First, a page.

Due to these new technologies, the environmental concerns associated with desalination are low, especially compared to the costs of current water acquisition methods. The main way that Southern California currently attains water is through water diversion, reallocating water from lakes and rivers and diverting them into aqueducts. These often depletes lakes and rivers, negatively altering important ecosystems and potentially destroying them, as in the case of Owens Valley. The sea life that desalination plants may affect due to impingement and entrainment of animals would likely be no more seriously damaged than the organisms disrupted by extensively damming and diverting bodies of water like the Colorado River. Damming and diverting are severely detrimental to local ecosystems, harming plant and animal species diversity.
Other causes for concern for water desalinization plants are the energy usage and brine residue left after the distillation process. Environmentalists claim that brine residue can be harmful to sea life by making waters too saline for native species to survive in, but it is possible to mitigate damage. In Sand City’s desalination plant, brine solution is effectually pumped into the naturally high saline Monterey Bay. In regards to high-energy usage, desalinization plants have added energy recovery devices to increase output and decrease energy consumption by using pressure exchangers. The PX Pressure Exchanger used in Sand City recovers up to 98 percent of the energy from the stream of concentrate and uses opposing forces of fresh sea and salt-heavy waters to power a rotor that moves water around and out of the system.
These environmental concerns are not to be dismissed, but to be taken into account when considering improvements to current desalination technology. Nonetheless, the prospect of providing “drought-free” fresh water to humans outweighs the environmental costs. Desalination produces a reliable and locally available source of water, especially useful in places that experience drought regularly, just like Southern California. With looming water shortages the daily 50 million gallons produced by the potential Huntington Beach plant is a not something that Californians can afford to pass up.
Sarah Beshir and Ashley Lukashevsky are undergraduates in the USC Dana and David Dornsife College of Letters, Arts and Sciences.
February 27, 2012
A few centuries ago, water use was not a problem because it was seen as a renewable resource that can never be overexploited. However, as population growth increases exponentially, water use likewise increases, depleting water resources at an unsustainable rate. As we use groundwater and surface water at a rate faster than their replenishment rate, we must look towards other sources to obtain water. One proposed solution is desalination, a process that removes salt from saline water. There are three techniques associated with desalination: electrodialysis, freezing, and reverse osmosis. Electrodialysis uses porous members to remove positively and negatively charged salt ions; freezing, by default, removes salt from ice; and reverse osmosis is a process that pressurizes salt water so that water flows through a membrane while the remaining salt are retained (Desalination Process).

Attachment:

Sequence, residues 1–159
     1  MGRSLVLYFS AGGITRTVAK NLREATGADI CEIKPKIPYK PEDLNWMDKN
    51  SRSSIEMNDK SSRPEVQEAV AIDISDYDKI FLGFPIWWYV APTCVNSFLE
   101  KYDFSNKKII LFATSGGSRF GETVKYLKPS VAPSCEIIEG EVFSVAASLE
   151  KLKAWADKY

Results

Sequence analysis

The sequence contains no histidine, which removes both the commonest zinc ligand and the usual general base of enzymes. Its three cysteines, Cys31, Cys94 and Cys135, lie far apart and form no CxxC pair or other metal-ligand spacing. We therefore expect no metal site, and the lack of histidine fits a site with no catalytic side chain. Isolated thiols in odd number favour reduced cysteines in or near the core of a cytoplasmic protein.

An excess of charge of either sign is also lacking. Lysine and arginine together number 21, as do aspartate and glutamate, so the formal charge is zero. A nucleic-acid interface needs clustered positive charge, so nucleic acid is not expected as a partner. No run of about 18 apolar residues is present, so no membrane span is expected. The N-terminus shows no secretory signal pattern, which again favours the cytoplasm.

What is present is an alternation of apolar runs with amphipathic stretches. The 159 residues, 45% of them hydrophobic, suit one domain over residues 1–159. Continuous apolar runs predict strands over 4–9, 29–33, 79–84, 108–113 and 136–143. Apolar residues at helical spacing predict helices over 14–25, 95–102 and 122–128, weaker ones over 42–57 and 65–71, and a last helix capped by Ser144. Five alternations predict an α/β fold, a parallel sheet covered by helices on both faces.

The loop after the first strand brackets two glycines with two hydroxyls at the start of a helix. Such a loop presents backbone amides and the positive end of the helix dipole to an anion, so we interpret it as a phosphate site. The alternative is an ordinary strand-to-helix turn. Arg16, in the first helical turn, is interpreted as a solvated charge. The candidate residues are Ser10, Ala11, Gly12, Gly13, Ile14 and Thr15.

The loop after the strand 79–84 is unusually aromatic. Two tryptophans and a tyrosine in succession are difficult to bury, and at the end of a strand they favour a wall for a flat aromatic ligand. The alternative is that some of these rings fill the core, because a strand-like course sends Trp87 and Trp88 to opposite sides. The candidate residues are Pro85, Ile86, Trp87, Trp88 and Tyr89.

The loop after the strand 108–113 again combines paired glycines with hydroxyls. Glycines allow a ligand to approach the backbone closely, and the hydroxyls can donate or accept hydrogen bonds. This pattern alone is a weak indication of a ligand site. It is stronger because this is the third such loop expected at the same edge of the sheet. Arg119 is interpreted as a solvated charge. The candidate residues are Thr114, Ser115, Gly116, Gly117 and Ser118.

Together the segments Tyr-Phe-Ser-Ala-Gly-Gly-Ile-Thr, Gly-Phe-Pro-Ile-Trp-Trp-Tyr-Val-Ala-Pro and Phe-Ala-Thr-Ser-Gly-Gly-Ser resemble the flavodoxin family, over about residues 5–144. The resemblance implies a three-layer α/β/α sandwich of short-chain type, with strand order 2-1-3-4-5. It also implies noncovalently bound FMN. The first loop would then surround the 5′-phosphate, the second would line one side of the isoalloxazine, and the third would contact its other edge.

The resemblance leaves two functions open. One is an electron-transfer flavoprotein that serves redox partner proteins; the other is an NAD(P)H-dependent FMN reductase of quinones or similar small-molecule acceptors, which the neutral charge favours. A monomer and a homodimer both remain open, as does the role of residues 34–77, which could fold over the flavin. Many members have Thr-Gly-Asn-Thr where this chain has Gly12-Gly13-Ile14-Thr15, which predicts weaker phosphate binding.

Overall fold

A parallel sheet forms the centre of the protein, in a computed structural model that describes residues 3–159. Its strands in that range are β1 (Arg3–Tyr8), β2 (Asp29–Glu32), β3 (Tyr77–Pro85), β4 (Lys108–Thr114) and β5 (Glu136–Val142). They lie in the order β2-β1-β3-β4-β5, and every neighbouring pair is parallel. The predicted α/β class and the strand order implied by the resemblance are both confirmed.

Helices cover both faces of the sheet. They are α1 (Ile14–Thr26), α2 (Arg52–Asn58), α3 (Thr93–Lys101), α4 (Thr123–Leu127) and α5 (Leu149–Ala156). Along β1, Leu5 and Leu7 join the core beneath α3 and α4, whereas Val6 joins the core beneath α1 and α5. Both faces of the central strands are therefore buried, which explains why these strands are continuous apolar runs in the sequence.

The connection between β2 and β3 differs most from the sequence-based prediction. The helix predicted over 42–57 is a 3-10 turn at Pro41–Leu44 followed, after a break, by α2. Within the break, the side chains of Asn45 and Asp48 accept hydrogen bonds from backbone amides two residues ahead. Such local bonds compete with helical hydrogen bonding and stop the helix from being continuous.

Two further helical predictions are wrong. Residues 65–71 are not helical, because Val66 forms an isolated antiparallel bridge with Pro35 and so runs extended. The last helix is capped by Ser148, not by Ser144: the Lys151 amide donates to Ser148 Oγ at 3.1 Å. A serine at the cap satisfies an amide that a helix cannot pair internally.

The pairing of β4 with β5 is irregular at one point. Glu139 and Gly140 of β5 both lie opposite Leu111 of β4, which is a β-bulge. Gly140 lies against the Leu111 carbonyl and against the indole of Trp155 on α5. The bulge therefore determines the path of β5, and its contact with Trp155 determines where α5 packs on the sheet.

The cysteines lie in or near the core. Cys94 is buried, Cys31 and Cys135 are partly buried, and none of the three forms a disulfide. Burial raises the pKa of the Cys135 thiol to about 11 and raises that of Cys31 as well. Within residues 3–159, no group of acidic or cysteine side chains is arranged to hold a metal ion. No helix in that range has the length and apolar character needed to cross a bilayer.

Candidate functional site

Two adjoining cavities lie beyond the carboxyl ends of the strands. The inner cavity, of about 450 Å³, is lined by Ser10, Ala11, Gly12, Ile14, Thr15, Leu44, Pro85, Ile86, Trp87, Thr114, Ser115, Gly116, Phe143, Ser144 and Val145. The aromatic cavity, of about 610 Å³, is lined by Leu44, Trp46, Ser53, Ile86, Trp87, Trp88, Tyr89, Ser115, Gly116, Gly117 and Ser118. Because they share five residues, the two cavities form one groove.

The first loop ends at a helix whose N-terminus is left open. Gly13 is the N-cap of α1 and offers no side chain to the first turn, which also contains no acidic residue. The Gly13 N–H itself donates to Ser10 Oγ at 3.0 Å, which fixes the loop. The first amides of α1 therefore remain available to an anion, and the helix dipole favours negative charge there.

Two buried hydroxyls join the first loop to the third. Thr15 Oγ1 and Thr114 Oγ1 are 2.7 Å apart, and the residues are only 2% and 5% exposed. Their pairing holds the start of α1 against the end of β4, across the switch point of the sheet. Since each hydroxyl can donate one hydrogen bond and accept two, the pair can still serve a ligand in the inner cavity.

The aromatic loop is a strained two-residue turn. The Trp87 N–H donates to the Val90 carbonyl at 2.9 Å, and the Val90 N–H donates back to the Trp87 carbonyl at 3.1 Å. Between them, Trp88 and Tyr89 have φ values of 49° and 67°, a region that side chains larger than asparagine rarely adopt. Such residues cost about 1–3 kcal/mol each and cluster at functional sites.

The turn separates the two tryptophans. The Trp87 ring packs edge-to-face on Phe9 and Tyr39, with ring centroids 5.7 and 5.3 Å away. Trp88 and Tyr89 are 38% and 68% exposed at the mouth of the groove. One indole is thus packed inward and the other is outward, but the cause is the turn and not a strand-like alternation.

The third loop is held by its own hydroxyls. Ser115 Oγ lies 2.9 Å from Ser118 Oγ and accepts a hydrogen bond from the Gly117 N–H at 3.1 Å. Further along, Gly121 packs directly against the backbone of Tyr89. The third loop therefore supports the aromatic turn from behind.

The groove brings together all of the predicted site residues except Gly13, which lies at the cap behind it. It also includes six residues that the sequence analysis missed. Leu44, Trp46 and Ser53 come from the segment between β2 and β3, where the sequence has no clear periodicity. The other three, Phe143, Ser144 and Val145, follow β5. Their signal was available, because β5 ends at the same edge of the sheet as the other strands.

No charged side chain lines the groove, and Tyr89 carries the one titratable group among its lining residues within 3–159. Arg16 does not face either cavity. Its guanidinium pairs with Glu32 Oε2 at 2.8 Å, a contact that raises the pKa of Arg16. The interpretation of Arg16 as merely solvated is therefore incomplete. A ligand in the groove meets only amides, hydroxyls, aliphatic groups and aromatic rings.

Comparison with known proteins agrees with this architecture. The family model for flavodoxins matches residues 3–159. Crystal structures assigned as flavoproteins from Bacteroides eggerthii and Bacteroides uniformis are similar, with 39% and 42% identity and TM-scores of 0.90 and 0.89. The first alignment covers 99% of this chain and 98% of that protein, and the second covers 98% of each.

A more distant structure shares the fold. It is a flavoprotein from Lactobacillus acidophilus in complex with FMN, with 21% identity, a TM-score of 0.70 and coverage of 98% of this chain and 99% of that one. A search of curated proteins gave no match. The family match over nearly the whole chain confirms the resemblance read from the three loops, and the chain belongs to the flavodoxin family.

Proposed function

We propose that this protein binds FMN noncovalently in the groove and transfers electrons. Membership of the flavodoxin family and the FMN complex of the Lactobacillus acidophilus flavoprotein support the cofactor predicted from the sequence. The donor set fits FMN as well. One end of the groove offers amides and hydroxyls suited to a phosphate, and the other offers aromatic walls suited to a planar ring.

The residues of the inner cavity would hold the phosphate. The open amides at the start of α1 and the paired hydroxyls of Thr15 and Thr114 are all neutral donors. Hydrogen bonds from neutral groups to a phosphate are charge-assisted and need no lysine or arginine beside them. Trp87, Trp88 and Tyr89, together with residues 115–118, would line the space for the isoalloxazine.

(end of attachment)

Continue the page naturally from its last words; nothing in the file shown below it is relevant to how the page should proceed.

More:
Desalinization, while is considered an alternative water supply, has its fair share of negative environmental impacts that could potentially harm large communities of marine organisms. First, the discharge from the desalination facilities carries saline water back into the ocean, which affects benthic organisms that are not accustomed to water with such high salinity. Similarly, discharged water can contain chloride, heavy metals, and cleaning chemicals that would foul ocean water and poison marine animals.
Furthermore, the power consumption required for the process of desalination consumes fossil fuels, which leads to carbon dioxide emissions. As known, carbon dioxide has detrimental effects on the environment, including warming of the earth and human health risks.
Desalination also requires an extensive amount of energy to work. If desalination were to produce half of America’s water, the United States would need to construct 100 more electric power plants (Why Desalination Doesn’t Work). And the energy cost of consuming the necessary amount of energy to produce usable water would exceed the cost to pump water from aquifers or to import the water. Therefore, desalination is not a very cost-effective method and should be used with caution.
In one example, Huntington Beach has proposed desalination in order to provide water to their community. This desalination facility, if successful, would provide 50 million gallons of drinking water per day (Proposed Desalination Plant Wins Permit). However, opponents criticize desalination as energy-intensive and expensive. Furthermore, the construction of the facility near a popular beach would inevitably harm aquatic organisms, which could reduce tourism and recreation.